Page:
Secretary of State, Hillary Clinton, was "very clear" about "rule of law expectations" in Georgia when she met Georgian Foreign Minister, Maia Panjikidze, in Washington no November 29, the U.S. Department of State said.
In remarks made before the meeting, the Secretary of State said the October 1 parliamentary election was "a successful and important step on the further development of democracy in Georgia, and the move toward fulfilling the Euro-Atlantic aspirations that Georgia has."
"We are very much supportive of the peaceful transition to power that occurred as a result of this election by the new government, and we do hope that everything that is done with respect to prosecuting any potential wrongdoers is done transparently in accord with due process and the rule of law as is befitting of the Georgia dream and the aspirations and sensitivities of the Georgian people," Clinton said.
Panjikidze, who is visiting Washington five weeks after becoming Georgia's new foreign minister and three weeks after visiting Brussels, said in her remarks before the meeting that she was grateful to the Secretary of State for inviting her "so soon after the elections in Georgia."
"We are very proud that the United States are our strategic partner," the Georgian Foreign Minister said. "And we will talk about the domestic and foreign challenges Georgia is facing today and I hope you will understand our issues and we will count on your help and support in the future."
A spokesperson for the Department of State, Victoria Nuland, said at a daily press briefing, that Clinton and Panjikidze had "a very good meeting."
Nuland said that Georgian new government's "commitment to continuity in foreign policy” was among the issues discussed at the meeting, including in respect of Georgia's NATO and EU integration and participation in Afghanistan operation, including its contribution to post-2014 NATO mission in Afghanistan. State Department spokesperson said that the U.S. was "very gratified" to hear that new government was committed to continuity in the foreign policy.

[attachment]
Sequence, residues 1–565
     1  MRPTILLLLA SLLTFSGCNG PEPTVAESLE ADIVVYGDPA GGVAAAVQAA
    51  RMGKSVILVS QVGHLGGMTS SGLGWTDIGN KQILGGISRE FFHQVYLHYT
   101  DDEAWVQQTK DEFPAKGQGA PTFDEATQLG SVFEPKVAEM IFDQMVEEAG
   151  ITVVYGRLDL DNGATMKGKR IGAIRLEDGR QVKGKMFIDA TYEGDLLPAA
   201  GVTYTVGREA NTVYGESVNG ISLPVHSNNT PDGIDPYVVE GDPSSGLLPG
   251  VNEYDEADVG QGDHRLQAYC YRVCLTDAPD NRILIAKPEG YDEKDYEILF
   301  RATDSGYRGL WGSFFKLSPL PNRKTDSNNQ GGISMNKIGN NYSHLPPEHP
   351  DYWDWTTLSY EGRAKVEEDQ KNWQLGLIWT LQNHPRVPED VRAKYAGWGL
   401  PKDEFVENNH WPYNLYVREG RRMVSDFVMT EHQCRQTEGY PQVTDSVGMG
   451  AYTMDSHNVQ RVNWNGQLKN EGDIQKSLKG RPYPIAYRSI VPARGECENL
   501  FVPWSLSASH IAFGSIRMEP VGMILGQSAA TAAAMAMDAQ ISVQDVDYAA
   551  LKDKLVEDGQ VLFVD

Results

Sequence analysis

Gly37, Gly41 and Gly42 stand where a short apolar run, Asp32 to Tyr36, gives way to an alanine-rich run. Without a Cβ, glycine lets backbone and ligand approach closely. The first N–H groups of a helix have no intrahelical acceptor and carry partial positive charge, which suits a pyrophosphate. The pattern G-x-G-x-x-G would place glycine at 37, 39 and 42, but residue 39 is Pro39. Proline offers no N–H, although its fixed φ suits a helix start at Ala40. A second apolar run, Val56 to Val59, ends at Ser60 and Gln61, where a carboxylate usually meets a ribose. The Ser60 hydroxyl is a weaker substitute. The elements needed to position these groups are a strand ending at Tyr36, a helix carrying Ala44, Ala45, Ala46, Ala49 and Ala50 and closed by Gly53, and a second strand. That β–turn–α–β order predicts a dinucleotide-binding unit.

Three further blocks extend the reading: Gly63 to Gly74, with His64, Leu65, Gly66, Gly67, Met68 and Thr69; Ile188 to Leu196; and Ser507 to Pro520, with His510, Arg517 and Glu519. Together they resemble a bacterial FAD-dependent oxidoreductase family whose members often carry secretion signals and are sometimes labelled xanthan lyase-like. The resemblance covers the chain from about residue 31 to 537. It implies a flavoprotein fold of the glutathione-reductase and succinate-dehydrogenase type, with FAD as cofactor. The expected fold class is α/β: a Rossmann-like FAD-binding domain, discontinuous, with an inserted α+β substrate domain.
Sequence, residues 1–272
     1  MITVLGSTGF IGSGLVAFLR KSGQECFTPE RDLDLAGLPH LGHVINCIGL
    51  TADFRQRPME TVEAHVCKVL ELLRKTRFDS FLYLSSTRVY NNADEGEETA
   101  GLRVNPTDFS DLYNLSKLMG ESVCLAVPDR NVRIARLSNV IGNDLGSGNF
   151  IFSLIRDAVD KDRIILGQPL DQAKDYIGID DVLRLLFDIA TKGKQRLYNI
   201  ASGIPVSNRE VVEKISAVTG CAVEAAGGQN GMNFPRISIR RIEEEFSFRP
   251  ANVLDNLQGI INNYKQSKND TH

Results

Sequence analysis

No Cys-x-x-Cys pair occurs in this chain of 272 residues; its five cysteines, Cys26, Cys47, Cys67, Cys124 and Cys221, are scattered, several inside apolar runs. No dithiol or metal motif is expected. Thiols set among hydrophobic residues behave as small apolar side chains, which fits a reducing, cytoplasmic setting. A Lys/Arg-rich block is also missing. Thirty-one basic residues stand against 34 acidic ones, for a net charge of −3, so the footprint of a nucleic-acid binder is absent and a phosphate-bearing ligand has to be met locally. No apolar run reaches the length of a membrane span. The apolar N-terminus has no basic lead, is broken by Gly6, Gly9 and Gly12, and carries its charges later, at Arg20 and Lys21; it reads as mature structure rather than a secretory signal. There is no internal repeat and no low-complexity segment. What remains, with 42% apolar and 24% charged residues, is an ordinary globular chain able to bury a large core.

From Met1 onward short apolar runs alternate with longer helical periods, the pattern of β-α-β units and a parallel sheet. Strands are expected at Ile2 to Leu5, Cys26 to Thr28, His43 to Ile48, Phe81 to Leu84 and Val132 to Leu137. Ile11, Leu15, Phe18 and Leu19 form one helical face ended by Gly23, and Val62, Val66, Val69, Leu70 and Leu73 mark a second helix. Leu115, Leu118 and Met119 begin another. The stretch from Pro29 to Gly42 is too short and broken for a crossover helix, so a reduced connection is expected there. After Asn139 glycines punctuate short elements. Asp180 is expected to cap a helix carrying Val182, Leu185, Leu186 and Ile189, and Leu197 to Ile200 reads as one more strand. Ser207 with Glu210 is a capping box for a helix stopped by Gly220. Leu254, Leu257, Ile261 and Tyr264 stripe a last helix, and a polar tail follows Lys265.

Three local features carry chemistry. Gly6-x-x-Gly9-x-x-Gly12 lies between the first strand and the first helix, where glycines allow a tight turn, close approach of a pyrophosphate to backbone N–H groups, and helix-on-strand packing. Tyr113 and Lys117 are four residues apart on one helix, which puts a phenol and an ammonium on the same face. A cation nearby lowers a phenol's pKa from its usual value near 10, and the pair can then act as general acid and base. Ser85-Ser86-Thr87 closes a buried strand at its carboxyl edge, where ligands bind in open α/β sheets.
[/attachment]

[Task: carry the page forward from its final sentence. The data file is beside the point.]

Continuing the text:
“The Secretary was very clear in her public statements that this is something that the international community is watching and that undergirds our support for Georgia – democratic values that we share, and rule of law being key among them, are vital to our support for Georgia,” she said when asked about series of arrests of officials from the previous government in Georgia.
“In the bilateral meeting the Foreign Minister [Panjikidze] both began and ended the meeting with reassurances with regard to the way these cases will go forward and was very clear in understanding that they know the world is watching,” Nuland added.
PM Bidzina Ivanishvili, who paid his first official visit abroad to Brussels this month, said on November 22, that he was initially planning to pay a visit to the U.S. by late November, but “upon my request, which was shared by the American side, arrangements for my visit to the United States will start next year in due course.” Ivanishvili cited “too much work” internally as a reason behind his decision to postpone the U.S. trip.
Meanwhile in Tbilisi, U.S. Deputy Assistant Secretary of State for Bureau of European and Eurasian Affairs, Eric Rubin concluded his three-day visit to Georgia on November 29. He met President Saakashvili, PM Ivanishvili and other senior officials and participated in the defense and security working group meeting, held in frames of strategic partnership commission.
The working group on defense and security is one of those four inter-agency bilateral groups, which were established to address priority areas of the U.S.-Georgia Strategic Partnership Charter, which was signed in January, 2009. Other priority areas of cooperation identified by the charter are democracy, economic and people-to-people relations.
U.S. Assistant Secretary of State for European and Eurasian Affairs, Philip H. Gordon, was in Tbilisi two weeks ago, who also met with both the President and the Prime Minister.
Civil.Ge © 2001-2019